application check box on the Video tab of the Preferences window and browse for the programs executable (.exe) file.
GETTING STARTED | 19
Capturing HDV video
You can use the internal Movie Studio video capture tool to capture video clips from your HDV video camera and add them to the
Project Media window.
This feature is available only in Movie Studio Platinum.
1. If you have not already done so, connect your video camera to your video capture card using the cable provided with the card.
2. From the Project menu, choose Capture Video or click the Capture Video button ( ) in the Project Media window. The
Capture Video dialog appears.
3. Select the HDV radio button and click OK. The Capture window appears.
4. Capture your video. For information about capturing video, see the Movie Studio online help. To access help, choose Contents and
Index from the Help menu.
When youre finished capturing, your clip is saved to the folder specified in the Capture folder box on the Clip Edit tab. If you
selected the Add new clips to project media check box in Capture Preferences, the clip is also added to the Project Media
window, from which you can add it to the timeline.
If any captured clips go offline, you can recapture the clips using your video capture application. Right-click an offline file in the
Project Media window and choose Recapture from the shortcut menu.
Importing AVCHD video
You can use the Device Explorer window to capture video clips from your AVCHD video camera and add them to the Project Media
window.
This feature is available only in Movie Studio Platinum.
1. From the View menu, choose Device Explorer to display the Device Explorer window.
2. Connect your camera to a USB 2.0 port on your computer. The camera is displayed on the left side of the Device Explorer
window.
3. Select your camera on the left side of the Device Explorer window. The cameras clips are displayed on the right side of the
window, and clips that have not yet been imported are indicated with a new clip icon ( ).
4. Click the Import button ( ) to import clips to the Project Media window:
If clips are selected in the Device Explorer window, only the selected clips are imported. You can hold Ctrl while clicking to
select multiple clips.
If no clips are selected in the Device Explorer window, all new clips are imported.
5. You can then use the Project Media window to organize your clips and add the imported video to your project just like any
other media file.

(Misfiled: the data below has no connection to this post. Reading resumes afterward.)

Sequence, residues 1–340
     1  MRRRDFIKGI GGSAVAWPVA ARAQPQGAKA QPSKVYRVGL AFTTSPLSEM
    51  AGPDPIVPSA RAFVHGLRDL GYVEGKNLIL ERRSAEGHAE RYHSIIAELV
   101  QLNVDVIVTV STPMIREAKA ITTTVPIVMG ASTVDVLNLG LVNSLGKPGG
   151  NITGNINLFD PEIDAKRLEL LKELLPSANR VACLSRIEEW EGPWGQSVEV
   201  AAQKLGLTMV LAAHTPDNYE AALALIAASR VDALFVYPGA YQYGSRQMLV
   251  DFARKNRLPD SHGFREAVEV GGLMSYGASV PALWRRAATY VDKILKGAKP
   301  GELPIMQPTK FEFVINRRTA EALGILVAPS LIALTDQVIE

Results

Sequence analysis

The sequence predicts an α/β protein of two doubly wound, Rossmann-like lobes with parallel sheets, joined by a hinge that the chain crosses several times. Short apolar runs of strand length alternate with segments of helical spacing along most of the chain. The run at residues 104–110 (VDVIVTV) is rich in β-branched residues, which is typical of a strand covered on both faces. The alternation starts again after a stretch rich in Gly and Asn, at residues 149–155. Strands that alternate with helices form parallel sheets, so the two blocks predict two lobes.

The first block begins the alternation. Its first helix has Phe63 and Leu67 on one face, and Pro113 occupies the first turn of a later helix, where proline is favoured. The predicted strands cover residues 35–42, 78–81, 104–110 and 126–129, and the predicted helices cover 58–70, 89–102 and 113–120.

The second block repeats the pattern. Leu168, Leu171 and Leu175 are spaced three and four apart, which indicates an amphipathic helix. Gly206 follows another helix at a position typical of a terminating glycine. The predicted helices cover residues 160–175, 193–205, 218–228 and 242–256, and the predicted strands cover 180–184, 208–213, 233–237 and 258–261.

Getting images
You can bring images directly into the software from your scanner or digital camera. The images are added to the Project Media
window as JPEG image files.
1. Make sure your scanner or digital camera is on and connected to your computer.
2. In the Project Media window, click the Get Photo button ( ). The software is started for the device.
3. Use the device software to get an image and send it to Movie Studio software. Once the image has been sent, the Scanned
Files dialog appears.
Click Rename to give the new image a more meaningful name.
Click Delete to cancel adding the image.
Note: Clips are imported to the C:\Users\<user name>\Documents\Imported Media\ folder by default. Click the Device Properties
button ( ) to change the capture folder for your camera.
Note: In order to get pictures from a scanner or digital camera, you may need to install a driver for your device. Refer to the software
that was included with your device or the manufacturers Web site.
20 | CHAPTER 2
4. Click Done. The new JPEG file is added to the Project Media list.
Extracting audio from a CD
You can extract tracks from a CD and add them to the Project Media window as .wav files.
1. Insert the audio CD into your CD/DVD drive.
2. In the Project Media window, click the Extract Audio from CD button ( ). The Extract Audio from CD window is displayed.
3. From the Action drop-down list, choose the method you want to use for extracting the CD audio:
Read by track - Use this option to choose the tracks you want to extract from the CD.
Read entire disc - Use this option to automatically extract all tracks on the disc. The entire CD is extracted into one new
file in the Project Media list.
Read by range - Use this option to extract audio from a specified range of time.
4. If you chose either the Read by track or Read by range option, specify the track(s) or range to extract:
For Read by track, select the tracks you want to extract in the Tracks to read list. Use the Ctrl or Shift keys to select more